The Federal Motor Carrier Safety Administration (FMCSA) plans to publish its final rule on Electronic Logging Devices on Sept. 30, according to agency officials. FMCSA says the rule will go into effect 24 months from Sept. 30.
According to the agency, the ELD rule will establish the following:
- Minimum performance and design standards for hours-of-service (HOS) electronic logging devices (ELDs)
- Requirements for the mandatory use of these devices by drivers currently required to prepare HOS records of duty status (RODS)
- Requirements concerning HOS supporting documents
The rule will also address concerns about driver harassment resulting from the use of the ELDs.
A 2014 study by FMCSA explored the issue of ELDs and harassment of drivers.
As part of the study, drivers were given a list of 14 specific interactions between carriers and drivers that could be considered harassment. Fewer than 30 percent of surveyed drivers considered any one of these interactions to be harassment; 42 percent said that none of the items on the entire list would be considered harassment. The actions most commonly considered harassment included: interrupting a driver’s off-duty time with a message at an inappropriate time (28 percent); asking the driver to operate when the driver judged himself to be fatigued (28 percent); asking the driver to log hours inaccurately to get more work time or to delay a break (26 percent).
Very few drivers who use ELDs associate any perceived harassment with the HOS-logging capabilities of the device, according to the study. Two percent of drivers experienced an interaction that they considered to be harassment and that they associated with the HOS-logging capabilities of the ELD.
The study also examined whether drivers who use ELDs have different experiences than those who use paper. Drivers were asked to review the list of 14 specific interactions and to determine whether they experienced those interactions in a typical month. Across the 14 interactions, compared at the thresholds of both at least once per month and at least twice per month (28 comparisons), four differences were statistically significant. When compared to paper-logging drivers, drivers who use ELDs to log their HOS were more likely to (1) Be paid for customer delays when picking up or delivering freight at least once per month (63 percent versus 53 percent); (2) Be required to wait between loads for more than two hours without pay at least once per month (41 percent versus 30 percent); (3) Be interrupted when off-duty at an inappropriate time at least once per month (37 percent versus 23 percent); and (4) Experience management asking customers to adjust load schedules so they were more realistic for the driver at least twice per month (32 percent versus 24 percent).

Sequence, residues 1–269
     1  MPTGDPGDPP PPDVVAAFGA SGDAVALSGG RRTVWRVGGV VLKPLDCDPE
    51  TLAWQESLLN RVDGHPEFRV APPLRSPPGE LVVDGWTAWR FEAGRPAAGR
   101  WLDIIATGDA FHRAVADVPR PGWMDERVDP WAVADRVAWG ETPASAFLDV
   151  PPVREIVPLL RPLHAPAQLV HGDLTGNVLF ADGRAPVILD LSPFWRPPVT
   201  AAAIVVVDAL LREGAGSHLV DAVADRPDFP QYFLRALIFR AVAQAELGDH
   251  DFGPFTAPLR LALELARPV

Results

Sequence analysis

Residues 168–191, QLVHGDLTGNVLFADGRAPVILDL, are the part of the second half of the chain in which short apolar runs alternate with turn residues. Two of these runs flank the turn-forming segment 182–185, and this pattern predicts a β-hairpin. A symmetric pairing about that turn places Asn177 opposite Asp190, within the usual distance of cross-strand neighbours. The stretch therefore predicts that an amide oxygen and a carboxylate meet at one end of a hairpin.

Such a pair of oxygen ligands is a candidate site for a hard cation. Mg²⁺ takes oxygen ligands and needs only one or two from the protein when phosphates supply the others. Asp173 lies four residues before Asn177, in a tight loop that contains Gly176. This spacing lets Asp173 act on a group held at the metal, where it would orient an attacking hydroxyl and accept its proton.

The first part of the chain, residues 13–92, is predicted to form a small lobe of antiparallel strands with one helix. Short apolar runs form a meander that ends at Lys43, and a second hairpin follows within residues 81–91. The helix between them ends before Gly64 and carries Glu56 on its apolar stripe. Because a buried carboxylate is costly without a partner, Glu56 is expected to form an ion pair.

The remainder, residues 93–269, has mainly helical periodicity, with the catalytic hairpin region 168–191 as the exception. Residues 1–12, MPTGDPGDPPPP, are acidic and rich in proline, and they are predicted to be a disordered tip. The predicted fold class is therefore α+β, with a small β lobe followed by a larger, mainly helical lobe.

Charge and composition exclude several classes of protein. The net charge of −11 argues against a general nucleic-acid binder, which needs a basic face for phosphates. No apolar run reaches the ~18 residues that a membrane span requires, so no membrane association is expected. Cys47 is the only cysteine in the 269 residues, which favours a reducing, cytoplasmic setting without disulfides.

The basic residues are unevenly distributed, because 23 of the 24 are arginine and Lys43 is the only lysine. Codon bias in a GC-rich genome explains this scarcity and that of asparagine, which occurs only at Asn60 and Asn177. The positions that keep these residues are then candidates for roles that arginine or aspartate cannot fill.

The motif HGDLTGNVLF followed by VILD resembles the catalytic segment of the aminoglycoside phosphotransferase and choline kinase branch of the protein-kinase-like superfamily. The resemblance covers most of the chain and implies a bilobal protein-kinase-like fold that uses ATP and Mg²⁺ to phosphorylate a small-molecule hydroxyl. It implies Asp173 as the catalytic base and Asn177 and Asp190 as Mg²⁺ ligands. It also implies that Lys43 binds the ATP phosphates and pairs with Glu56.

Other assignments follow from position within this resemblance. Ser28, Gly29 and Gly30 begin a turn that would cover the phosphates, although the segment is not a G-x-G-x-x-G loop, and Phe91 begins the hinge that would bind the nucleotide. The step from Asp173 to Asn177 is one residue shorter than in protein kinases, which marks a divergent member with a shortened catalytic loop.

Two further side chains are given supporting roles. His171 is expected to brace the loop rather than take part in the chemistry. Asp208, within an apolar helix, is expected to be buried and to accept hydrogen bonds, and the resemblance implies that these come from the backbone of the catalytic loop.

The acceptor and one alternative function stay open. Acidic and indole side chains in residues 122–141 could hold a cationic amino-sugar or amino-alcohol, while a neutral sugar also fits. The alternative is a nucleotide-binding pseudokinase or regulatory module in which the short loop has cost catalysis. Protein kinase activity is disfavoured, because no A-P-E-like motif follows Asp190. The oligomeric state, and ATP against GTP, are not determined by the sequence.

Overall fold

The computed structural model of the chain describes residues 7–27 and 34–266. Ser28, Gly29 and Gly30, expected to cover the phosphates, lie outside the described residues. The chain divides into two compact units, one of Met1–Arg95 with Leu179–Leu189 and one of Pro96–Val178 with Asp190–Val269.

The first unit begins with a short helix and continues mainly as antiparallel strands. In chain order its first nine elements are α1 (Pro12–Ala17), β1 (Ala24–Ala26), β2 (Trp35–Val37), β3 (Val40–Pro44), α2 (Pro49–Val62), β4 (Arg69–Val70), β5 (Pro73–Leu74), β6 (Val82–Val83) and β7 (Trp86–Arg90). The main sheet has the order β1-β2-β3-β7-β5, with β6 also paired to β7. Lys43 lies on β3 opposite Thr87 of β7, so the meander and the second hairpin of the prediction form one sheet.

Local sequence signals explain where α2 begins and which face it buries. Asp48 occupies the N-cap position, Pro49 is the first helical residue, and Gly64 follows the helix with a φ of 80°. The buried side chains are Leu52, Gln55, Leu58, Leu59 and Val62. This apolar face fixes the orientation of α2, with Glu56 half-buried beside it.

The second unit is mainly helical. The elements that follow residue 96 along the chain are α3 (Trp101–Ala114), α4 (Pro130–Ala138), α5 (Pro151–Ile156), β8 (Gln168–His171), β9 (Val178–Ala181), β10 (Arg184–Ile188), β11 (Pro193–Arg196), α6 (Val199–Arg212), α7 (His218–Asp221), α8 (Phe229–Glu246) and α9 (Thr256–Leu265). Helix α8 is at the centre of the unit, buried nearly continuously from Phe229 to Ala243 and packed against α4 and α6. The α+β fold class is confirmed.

FMCSA concluded the following:
- Few truck drivers feel as if they are harassed, regardless of the method used to log their HOS. The incidence of harassment may be too rare to be detected in a research project.
- Generally, research observations do not suggest that harassment is greater for drivers who use ELDs to log HOS than it is for drivers who use paper.
- Survey research does not support the conclusion that harassment occurs due to being in a situation where HOS are logged using ELDs.
The research project by FMCSA came in response to a 2011 ruling by the Seventh Circuit. On April 5, 2010, FMCSA published a final rule that amended the FMCSRs to incorporate new performance standards for ELDs installed in CMVs manufactured on or after June 4, 2012. The new rule also called for mandatory installation of ELDs (meeting the new performance standards) in CMVs operated by motor carriers found to have serious HOS noncompliance issues. On August 26, 2011, the Seventh Circuit vacated the entire April 2010 rule. The court held that, contrary to a statutory requirement, the agency failed to address the issue of driver harassment.
FMCSA’s 2014 research project addressed the issue of driver harassment and found that few drivers experienced harassment based on ELDs.
FMCSA Acting Administrator T.F. Scott Darling III said his agency plans to require CMV drivers to use ELDs in part to prevent drivers from lying about their hours of service. Such a move would reduce fatigued driving and improve safety, the agency claims. Darling said the devices could prevent about 1,400 crashes, 20 fatalities and more than 400 injuries every year.
“It will help with understanding hours of service,” he said. “We have made it a priority in my agency.”